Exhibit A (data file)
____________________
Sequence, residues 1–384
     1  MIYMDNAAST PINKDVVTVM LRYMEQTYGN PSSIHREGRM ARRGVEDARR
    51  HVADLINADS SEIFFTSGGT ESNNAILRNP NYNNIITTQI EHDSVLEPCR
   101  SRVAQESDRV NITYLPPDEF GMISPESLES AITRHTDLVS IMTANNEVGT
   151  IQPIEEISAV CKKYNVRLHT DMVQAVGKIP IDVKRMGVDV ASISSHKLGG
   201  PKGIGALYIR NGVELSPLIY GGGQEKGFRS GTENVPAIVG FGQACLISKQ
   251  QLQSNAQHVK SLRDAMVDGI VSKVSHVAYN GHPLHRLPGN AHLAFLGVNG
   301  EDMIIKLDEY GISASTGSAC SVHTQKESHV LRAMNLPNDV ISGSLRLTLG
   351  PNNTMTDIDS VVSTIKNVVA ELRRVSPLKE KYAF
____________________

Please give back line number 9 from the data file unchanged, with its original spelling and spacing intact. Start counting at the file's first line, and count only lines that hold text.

   351  PNNTMTDIDS VVSTIKNVVA ELRRVSPLKE KYAF